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Global Health Histories (HEC-RS-GLOHEA-22)


Department HEC
Course category HEC Research Seminar
Course type Seminar
Academic year 2022-2023
Credits 1 (EUI History seminars)
Contact Parrini, Alba
  Course materials

12/01/2023 9:00-11:00 @ Sala del Torrino, Villa Salviati

19/01/2023 9:00-11:00 @ Sala del Torrino, Villa Salviati

26/01/2023 9:00-11:00 @ Sala del Torrino, Villa Salviati

02/02/2023 9:00-11:00 @ Sala del Torrino, Villa Salviati

09/02/2023 9:00-11:00 @ Sala del Torrino, Villa Salviati

16/02/2023 9:00-11:00 @ Sala del Torrino, Villa Salviati

23/02/2023 9:00-11:00 @ Sala del Torrino, Villa Salviati

01/03/2023 9:00-11:30 @ Visit to San Salvi

01/03/2023 11:00-13:00 @ Sala del Torrino, Villa Salviati


This course explores key themes in the history of global health in the modern and contemporary period. It understands health in the broadest possible sense of the word, as a state of well-being that is not merely the absence of disease. It studies the social, political, economic, environmental, and cultural factors that have influenced the development of global health and it explores the roots of health disparities. By focusing on ideologies, institutions and practices, the course assesses both the achievements and the limitations of the global health movement. It points to the connections that transcended the boundaries of individual countries and also to the efforts to protect national borders during epidemics. It also examines how health has played an integral role in the rise of nation-states, imperialism, colonialism and international collaboration.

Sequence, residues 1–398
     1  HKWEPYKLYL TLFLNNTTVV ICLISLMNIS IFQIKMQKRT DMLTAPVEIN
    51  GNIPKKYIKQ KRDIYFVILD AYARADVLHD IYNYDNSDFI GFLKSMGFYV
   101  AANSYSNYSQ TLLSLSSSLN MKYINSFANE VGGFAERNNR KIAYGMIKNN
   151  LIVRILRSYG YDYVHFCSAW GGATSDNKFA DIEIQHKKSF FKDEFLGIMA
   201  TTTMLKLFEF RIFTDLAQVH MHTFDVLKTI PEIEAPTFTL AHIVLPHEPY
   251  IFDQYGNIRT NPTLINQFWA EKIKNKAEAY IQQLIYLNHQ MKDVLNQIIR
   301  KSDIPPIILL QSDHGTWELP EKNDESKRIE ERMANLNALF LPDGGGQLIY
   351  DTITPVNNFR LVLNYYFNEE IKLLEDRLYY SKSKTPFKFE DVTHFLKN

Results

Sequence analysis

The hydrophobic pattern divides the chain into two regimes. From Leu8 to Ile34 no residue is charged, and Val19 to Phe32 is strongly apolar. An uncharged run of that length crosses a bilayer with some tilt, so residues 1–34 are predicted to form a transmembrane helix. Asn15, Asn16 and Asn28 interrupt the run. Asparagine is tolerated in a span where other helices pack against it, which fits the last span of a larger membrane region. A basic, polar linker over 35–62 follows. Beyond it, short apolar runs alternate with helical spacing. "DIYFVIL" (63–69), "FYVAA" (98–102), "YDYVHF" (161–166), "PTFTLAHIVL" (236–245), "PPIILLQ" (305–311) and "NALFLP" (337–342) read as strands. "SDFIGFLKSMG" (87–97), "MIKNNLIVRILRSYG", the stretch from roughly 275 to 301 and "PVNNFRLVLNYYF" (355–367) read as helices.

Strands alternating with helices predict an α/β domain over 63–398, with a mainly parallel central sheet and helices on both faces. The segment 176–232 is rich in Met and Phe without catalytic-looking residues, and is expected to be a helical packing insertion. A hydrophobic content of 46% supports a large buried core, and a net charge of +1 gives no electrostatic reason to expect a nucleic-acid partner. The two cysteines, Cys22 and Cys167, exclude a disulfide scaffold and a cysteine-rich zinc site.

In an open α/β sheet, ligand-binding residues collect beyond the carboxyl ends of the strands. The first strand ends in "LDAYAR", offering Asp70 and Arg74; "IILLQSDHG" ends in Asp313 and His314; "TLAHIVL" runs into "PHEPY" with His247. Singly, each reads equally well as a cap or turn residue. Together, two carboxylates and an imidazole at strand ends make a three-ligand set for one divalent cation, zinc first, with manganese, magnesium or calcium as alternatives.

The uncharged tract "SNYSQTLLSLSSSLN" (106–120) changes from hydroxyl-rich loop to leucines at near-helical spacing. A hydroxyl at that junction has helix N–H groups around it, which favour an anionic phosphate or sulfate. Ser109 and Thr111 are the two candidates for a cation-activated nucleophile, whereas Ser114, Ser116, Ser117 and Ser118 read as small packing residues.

By exploring the relationship between health and citizenship, the course asks how health and welfare policies have defined the contours of inclusion and exclusion and how science and medicine have been instrumentalized to the detriment of groups of people defined by their gender, class, race, or ethnicity. Special attention will be paid to the hitherto neglected topic of mental health. Moreover, whenever possible, the course seeks to complement top-down approaches with grassroots perspectives by studying how patients, healers, communities and health activists have experienced, supported and resisted international medical interventions.


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Page last updated on 21 September 2018

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